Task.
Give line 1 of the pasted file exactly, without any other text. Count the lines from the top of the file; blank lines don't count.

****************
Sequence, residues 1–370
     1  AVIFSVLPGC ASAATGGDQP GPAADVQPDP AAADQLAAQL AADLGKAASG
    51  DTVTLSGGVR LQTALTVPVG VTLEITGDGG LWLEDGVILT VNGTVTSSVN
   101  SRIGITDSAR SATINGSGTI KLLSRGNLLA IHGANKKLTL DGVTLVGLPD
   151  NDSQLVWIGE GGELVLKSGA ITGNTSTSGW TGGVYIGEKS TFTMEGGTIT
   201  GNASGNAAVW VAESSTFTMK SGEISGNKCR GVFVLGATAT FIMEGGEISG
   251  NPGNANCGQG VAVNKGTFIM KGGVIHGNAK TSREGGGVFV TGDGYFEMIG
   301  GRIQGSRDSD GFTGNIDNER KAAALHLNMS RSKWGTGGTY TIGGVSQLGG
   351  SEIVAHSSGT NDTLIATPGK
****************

Sequence, residues 1–370